The paleo diet is n=1, not one size fits all. Like all endeavors, the movement has its control-freaks. But the majority of it’s proponents promote n=1. One of the most significant facets of paleo is the promotion of real food and it’s quality. Paleo is promoting organic, local foods, farmer’s markets, getting outside, and moving the body. It is promoting cooking! And sleeping, as well as The Weston A. Price Foundation.
    I transitioned from WAP to Paleo last year. Eight years of chronic pain disappeared, along with daily blood-sugar crashes, skin issues, Gerd, etc. I still eat dark chocolate, drink wine, and a few other modern indulgences. It is all about N=1 !

  15. jon says:

    “Proponents of the Paleo diet argue that it is necessary to eliminate grains and legumes because they contain “antinutrients,” substances that can interfere with the body’s absorption of other important vitamins, minerals and proteins.”

    “Antinutrients” is a vague term that refers to any natural element in food that inhibits digestion. Grains are certainly not the only things that contain “antinutrients”, so to vilify them as such is simply dishonest, and probably due to ignorance…

    • Nicole says:

      Jon, there are other arguments for eliminating grains. One being the fact that grains have a high carb count which raises insulin levels. You should do some reading on the biochemistry behind paleo and primal, as anti-nutrients are not the only reason behind the philosophy. Additionally people in the community acknowledge that there are plenty of other foods out there they embrace with anti-nutrients and that there negative sides to basically all of the food we eat on some level. It’s a matter of consuming what best suits you. I would also like to point out though, historically, fermentation and sprouting have been long used processes to make ingesting grains and legumes healthier & easier on the human digestive system:

      Say what you will about the paleo and primal community, but the last thing we are ignorant about is our food. I really do encourage to read more:
      I don’t believe in a one size fits all diet but I know how I feel when I eat this way and it’s a hell of a lot better than I felt before.

  16. sam says:

    The Paleo diet in my opinion is just an excuse to carry on eating meat. It is quite hilarious, they eliminate grains not for health, but because they are blander than most foods but ARE health promoting.

    The fail to realise that the animals they eat are not from the paleolithic era, even grass fed. If the really wanted to simulate the diet, they could eat insects…but will they do that? NO! because they’re only following the diet for taste, and couldn’t give a damn about history or the ‘original diet’.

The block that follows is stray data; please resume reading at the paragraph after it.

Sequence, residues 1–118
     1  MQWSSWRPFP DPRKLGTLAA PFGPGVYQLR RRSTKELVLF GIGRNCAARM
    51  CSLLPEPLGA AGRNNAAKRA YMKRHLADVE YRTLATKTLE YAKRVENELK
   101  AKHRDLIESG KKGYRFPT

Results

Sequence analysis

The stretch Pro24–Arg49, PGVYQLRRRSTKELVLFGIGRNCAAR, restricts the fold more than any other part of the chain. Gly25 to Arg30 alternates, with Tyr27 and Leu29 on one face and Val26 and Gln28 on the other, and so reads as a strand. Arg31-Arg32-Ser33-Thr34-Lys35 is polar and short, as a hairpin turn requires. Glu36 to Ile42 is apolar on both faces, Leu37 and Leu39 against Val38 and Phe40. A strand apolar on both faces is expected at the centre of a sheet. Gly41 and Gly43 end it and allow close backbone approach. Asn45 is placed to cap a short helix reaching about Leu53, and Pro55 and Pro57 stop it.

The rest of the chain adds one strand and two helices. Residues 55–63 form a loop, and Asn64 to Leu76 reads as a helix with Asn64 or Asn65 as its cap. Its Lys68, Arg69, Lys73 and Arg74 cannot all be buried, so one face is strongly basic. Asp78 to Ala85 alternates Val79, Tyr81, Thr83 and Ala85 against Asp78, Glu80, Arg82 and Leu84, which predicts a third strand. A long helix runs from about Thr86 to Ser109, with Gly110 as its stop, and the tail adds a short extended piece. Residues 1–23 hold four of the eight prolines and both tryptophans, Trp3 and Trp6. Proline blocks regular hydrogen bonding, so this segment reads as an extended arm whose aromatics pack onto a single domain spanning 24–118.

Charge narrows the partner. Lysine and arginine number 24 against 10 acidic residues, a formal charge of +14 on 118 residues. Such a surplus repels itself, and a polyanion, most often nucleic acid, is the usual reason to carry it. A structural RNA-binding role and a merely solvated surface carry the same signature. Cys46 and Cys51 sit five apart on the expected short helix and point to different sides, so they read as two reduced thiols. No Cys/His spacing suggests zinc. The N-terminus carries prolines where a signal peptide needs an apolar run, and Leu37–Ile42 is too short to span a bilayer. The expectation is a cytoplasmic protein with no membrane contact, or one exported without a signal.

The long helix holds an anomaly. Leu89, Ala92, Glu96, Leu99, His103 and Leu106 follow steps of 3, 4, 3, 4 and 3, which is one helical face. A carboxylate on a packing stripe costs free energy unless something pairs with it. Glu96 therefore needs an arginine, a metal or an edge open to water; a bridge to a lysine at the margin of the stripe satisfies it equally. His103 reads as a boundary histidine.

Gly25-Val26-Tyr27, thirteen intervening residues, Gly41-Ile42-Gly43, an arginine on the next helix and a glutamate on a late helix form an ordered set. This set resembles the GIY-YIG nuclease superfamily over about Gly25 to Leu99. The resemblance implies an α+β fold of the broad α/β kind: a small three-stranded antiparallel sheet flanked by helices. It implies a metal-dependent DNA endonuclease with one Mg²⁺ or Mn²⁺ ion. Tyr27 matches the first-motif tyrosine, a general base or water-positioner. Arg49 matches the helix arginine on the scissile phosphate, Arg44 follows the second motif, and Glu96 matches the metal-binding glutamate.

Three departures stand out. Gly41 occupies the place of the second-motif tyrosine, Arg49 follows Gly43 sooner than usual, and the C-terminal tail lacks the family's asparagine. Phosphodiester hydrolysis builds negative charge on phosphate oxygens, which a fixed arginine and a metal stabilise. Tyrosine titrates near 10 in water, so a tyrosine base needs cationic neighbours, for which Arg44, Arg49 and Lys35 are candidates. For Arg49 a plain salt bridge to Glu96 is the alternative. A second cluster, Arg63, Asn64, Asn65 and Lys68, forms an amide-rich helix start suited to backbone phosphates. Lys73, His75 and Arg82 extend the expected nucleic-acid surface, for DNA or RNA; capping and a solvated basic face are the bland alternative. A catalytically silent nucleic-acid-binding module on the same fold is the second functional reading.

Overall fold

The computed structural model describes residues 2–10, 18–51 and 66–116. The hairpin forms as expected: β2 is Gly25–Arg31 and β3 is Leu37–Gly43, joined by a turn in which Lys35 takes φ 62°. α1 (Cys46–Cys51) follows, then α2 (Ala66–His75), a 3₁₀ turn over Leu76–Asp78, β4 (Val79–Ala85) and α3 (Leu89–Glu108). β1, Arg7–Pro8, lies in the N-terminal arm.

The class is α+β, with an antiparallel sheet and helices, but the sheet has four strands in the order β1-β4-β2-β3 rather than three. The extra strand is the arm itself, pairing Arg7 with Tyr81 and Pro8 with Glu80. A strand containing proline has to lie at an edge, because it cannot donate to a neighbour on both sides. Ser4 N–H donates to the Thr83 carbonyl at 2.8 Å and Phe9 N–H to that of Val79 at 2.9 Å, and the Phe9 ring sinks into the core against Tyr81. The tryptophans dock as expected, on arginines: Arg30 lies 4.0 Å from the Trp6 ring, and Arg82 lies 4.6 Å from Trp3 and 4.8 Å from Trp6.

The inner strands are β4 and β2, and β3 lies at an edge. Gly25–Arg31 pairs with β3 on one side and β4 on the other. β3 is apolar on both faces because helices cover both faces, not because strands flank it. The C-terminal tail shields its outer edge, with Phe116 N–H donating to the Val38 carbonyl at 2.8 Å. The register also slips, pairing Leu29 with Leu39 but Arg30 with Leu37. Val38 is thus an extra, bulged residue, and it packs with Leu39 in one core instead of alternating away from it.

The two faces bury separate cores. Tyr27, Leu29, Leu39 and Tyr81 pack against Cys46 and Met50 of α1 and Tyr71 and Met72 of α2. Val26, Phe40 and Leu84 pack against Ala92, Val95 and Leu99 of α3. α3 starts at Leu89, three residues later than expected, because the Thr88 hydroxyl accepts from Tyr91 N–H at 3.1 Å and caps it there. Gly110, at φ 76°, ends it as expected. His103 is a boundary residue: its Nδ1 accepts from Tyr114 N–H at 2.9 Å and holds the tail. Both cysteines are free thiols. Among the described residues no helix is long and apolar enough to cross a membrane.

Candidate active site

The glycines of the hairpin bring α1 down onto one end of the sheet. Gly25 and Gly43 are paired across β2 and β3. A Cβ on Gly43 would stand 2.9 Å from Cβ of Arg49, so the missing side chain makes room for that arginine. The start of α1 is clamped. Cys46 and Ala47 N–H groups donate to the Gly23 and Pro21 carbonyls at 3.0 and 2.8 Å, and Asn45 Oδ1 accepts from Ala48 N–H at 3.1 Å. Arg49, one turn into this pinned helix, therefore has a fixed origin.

They even say that grains cause osteoporosis due to their acidic, but meat is 8 times more acidic than grains lol..

    On the subject of anti nutrients… most vegetables are high in toxins too and considering many are consumed raw, they may be more ‘harmful’ than grains.

    Also they eat their ‘healthy fats’ in the form on nuts and seeds, which when raw boast more ‘anti nutrients’ in their raw form than grains.

    So in conclusion… EAT GRAINS… if you have celiac, then gluten free… just avoid processed forms of grains and food in general… even meat is processed to be more harmful, e.g. hot dogs, bacon. It isn’t the grain in its whole form that is problematic, it’s what man does to them after harvesting, not to mention what we add to them 🙂

    • Annie says:

      But even these ‘pure’ grains have been genetically modified over the years. Today’s wheat, isn’t Grandma’s wheat.

      The Paleo concept works for me. I feel better than ever since subscribing to this lifestyle change. My arthritic knee is now a non-issue. My blood work is pristine, much to my doctor’s amazement. She’s agreed to look at the research now.

      Do I stick to it 100%? Nope. I do eat lentils and quinoa a couple times a month. I’ll have a piece of cheese and a glass of wine on occasion. But overall, I adhere to consuming my clean meat/fish and huge assortment of fresh vegetables and fruits. And my God I feel FABulous!